Effective MRO (maintenance, repair and overhaul) requires meticulous management of up to several million parts per plane, where any unavailability can result in costly aircraft-on-ground (AOG) events. Traditional solutions to manage this complexity involve implementing safety stock formulas or maintaining excessive inventory, both of which have limitations and can be financially untenable. Lokad, through a probabilistic forecasting approach, focuses on forecasting the failure or repair needs of every individual part across the fleet and assessing the immediate and downstream financial impact of potential AOG events. This approach can even lead to seemingly counter-intuitive decisions, such as not stocking certain parts and instead paying a premium during actual need, which may, paradoxically, be more cost-effective than maintaining surplus inventory. Furthermore, Lokad’s approach automates these decision-making processes, reducing squandered time and bandwidth and increasing operational efficiency.
Simply put, an aircraft cannot fly unless it meets the highest possible safety standards. The problem is, if any single part on that plane fails to work properly or cannot be repaired in time, the aircraft is grounded. This adversity affects not only the flight schedule but also the travel plans of all the passengers.
Depending on the size of the plane, there can be anywhere from 250,000 to several million individual pieces in a commercial plane. That means that there are potentially several million pieces, all of which have to be inspected, repaired, and/or changed on an ongoing basis. This gives you an indication of the overall supply chain complexity involved in maintenance, repair, and overhaul.
Not only is the numerical complexity involved absolutely enormous, but so too are the financial consequences. As such, the goal for every MRO client is simple: avoiding Aircraft on Ground (AOG) events. The leading cause of an AOG event is actually quite simple: not having the precise part you need at the exact moment you need it.
Given the interrelational nature of flights, having to reschedule a single plane because of an AOG event can actually be rather costly, ranging from tens of thousands to hundreds of thousands of dollars. For example, the plane that leaves Paris for London typically turns around and returns to Paris. Thus, if the initial flight has to be canceled or rescheduled because of an AOG event, so too is the return leg.
A typical aircraft engine, like this one, has anywhere from 25,000 to 45,000 individual parts. From a supply chain perspective, that represents 45,000 possible AOG events. Thus, again from a supply chain perspective, not having a one-dollar screw is as potentially damaging as the entire 50 million dollar engine failing to start. Why is that? The plane is grounded.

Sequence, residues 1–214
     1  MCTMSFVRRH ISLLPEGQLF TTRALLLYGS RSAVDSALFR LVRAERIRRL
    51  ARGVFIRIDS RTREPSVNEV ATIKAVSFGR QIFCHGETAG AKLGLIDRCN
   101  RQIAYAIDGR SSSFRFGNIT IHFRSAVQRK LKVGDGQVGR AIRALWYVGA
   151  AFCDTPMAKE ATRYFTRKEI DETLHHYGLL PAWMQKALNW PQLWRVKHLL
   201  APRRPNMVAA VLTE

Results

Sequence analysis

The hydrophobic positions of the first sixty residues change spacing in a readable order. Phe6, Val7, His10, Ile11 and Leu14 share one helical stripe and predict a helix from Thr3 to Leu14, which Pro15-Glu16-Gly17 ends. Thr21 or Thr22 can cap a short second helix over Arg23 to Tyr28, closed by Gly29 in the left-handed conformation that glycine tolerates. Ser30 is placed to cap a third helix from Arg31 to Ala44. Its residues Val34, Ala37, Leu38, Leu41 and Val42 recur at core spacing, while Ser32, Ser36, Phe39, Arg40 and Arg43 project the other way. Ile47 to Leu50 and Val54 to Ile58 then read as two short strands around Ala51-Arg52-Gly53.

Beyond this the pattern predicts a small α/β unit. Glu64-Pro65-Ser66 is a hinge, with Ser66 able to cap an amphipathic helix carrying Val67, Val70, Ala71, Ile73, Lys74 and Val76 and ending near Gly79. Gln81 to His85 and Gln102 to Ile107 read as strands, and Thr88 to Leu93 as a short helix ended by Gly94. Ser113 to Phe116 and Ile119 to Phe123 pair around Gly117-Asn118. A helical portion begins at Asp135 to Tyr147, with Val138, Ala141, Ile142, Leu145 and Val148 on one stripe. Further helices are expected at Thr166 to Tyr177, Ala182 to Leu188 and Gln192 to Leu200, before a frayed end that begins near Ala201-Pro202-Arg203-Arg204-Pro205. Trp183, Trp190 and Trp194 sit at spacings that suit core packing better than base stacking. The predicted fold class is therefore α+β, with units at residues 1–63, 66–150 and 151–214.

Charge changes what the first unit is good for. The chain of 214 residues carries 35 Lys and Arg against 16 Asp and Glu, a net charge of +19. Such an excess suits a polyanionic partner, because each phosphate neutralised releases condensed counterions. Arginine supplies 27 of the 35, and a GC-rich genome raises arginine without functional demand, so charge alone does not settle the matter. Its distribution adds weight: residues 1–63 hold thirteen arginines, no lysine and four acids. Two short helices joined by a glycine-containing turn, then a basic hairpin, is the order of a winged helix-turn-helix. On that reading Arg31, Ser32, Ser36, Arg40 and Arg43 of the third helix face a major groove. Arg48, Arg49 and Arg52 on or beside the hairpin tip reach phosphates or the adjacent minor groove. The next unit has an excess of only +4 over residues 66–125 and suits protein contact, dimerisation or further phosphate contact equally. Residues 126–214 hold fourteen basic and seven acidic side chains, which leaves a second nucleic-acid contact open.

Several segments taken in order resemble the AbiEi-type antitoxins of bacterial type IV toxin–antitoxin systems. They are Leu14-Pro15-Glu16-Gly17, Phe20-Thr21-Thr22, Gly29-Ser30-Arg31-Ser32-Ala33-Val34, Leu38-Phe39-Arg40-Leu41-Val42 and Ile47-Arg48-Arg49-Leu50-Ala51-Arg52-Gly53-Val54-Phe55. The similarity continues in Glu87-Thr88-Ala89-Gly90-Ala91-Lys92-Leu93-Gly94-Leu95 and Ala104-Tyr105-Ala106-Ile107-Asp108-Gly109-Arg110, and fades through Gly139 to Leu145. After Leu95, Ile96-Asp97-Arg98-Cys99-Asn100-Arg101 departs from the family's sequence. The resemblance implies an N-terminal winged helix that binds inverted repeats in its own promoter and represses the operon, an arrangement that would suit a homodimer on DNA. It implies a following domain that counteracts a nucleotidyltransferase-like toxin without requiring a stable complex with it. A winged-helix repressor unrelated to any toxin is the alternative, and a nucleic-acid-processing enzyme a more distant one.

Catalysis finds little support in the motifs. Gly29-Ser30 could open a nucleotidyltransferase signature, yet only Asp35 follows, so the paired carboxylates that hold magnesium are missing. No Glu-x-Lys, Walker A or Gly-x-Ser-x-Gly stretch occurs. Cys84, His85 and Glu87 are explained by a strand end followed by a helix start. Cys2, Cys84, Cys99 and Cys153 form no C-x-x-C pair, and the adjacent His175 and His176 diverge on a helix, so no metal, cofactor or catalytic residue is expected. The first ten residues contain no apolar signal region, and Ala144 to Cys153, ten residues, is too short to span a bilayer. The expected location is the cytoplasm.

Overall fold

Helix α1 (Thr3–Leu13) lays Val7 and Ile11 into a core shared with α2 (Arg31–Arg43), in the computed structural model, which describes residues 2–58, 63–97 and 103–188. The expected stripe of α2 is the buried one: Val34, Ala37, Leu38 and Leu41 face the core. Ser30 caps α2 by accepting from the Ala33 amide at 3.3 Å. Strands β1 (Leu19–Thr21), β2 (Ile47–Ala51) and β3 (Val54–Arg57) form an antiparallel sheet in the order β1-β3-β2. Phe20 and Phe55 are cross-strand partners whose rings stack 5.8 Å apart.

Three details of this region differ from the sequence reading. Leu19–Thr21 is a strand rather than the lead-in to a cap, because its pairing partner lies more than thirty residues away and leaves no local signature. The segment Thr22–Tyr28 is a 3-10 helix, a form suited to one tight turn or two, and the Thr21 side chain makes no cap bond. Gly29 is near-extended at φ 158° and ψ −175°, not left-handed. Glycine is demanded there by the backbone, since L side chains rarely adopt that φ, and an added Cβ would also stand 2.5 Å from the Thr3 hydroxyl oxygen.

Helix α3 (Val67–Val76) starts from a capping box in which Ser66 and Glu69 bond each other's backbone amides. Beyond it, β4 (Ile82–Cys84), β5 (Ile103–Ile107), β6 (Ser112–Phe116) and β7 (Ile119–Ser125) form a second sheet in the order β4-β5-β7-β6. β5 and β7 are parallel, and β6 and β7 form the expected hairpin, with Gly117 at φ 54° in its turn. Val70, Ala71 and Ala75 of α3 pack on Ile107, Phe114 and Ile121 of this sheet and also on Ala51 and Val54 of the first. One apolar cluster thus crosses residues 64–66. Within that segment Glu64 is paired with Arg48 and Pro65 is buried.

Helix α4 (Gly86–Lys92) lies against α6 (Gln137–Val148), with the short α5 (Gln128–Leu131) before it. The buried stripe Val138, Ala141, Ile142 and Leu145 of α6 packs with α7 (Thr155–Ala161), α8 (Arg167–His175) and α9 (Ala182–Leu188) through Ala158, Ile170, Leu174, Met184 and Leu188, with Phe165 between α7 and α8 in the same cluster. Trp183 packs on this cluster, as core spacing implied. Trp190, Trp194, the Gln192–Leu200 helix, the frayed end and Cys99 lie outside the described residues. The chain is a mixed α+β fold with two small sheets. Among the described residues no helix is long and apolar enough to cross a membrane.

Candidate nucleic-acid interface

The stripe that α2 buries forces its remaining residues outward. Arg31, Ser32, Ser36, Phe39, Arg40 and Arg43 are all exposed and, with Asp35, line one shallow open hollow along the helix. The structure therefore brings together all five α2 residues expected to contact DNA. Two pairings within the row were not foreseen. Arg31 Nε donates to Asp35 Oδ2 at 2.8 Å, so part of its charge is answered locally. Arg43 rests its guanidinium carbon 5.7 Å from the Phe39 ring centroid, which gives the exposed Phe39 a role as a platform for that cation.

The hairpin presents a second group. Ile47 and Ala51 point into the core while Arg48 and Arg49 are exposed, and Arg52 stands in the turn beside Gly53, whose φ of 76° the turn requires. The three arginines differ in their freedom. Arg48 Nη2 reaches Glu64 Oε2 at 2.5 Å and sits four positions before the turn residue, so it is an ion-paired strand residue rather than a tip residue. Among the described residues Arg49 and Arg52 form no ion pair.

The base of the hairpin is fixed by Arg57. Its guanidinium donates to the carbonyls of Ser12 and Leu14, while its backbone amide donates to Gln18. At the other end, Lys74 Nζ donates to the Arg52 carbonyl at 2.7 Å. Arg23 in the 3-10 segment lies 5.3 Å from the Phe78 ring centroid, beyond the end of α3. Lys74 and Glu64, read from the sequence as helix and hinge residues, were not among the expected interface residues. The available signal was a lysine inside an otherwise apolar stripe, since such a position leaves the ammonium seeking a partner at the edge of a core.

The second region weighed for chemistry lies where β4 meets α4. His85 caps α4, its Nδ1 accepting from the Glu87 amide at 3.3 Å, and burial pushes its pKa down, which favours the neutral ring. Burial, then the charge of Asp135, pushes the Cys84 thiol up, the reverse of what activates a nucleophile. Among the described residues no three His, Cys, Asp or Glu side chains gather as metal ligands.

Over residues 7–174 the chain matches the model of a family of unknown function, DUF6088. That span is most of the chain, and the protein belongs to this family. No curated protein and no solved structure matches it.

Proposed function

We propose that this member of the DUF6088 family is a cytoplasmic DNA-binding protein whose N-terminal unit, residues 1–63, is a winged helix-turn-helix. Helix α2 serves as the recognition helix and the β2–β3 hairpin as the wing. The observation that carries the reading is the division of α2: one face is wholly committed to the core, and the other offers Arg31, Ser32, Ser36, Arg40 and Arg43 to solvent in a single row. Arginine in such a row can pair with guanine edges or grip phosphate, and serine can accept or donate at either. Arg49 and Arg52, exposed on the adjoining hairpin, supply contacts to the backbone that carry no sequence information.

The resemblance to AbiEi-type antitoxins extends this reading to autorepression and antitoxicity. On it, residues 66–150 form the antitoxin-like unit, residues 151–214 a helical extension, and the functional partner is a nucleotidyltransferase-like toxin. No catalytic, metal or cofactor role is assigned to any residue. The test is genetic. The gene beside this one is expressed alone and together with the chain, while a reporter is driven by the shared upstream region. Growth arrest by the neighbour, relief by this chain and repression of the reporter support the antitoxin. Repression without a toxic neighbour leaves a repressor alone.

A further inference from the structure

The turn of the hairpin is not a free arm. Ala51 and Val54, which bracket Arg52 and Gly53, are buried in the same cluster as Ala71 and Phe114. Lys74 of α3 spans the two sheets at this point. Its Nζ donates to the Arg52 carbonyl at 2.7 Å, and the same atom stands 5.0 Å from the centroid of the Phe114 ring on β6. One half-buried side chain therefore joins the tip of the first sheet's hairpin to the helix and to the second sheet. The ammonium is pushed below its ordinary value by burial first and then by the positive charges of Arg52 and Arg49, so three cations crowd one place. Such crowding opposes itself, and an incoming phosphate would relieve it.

Mainstream solutions to the supply chain constraints involve the textbook application of safety stock formulas. Now, these fail for any number of reasons, not least of which is that they assume that demand is normally distributed. This, of course, is rarely the case in the spare parts game.
An alternative and equally untenable solution is stocking an endless amount of inventory. Now, this is not only impractical, but also potentially financially impossible given there could be seven million parts for every single plane in every single fleet.
On the other hand, Lokad’s philosophy is predicated upon probabilistic forecasting and a purely financially driven perspective that aims to reduce dollars or euros of error. For example, Lokad would take every individual part of this plane and forecast the likelihood of that part failing or needing to be repaired. Lokad then repeats the process for every individual part of that plane for every plane in the fleet. Lokad then contrasts that with the possibility of an AOG event and the cost of this.
Lokad is also capable of factoring in some counter-intuitive scenarios. Again, let’s take the plane as an example. There are potentially seven million parts, but of those seven million parts, some are more important, in both financial and absolute terms, than others. Of that dataset, some are more likely to require repair and replacement than others.
That actually leads to the counter-intuitive situation where some parts are actually not worth having spares of. In fact, it might actually be better to wait for a moment of actual need and then pay a premium for it on the market. This higher cost, the premium of buying when needed, might actually be, from a probabilistic and financial perspective, a better financial decision than having large amounts of unused inventory.
In short, Lokad’s approach enables efficient and automated decision making, the kind that reduces not only dollars of error but the amount of bandwidth that would otherwise be dedicated to repetitive, mundane decisions.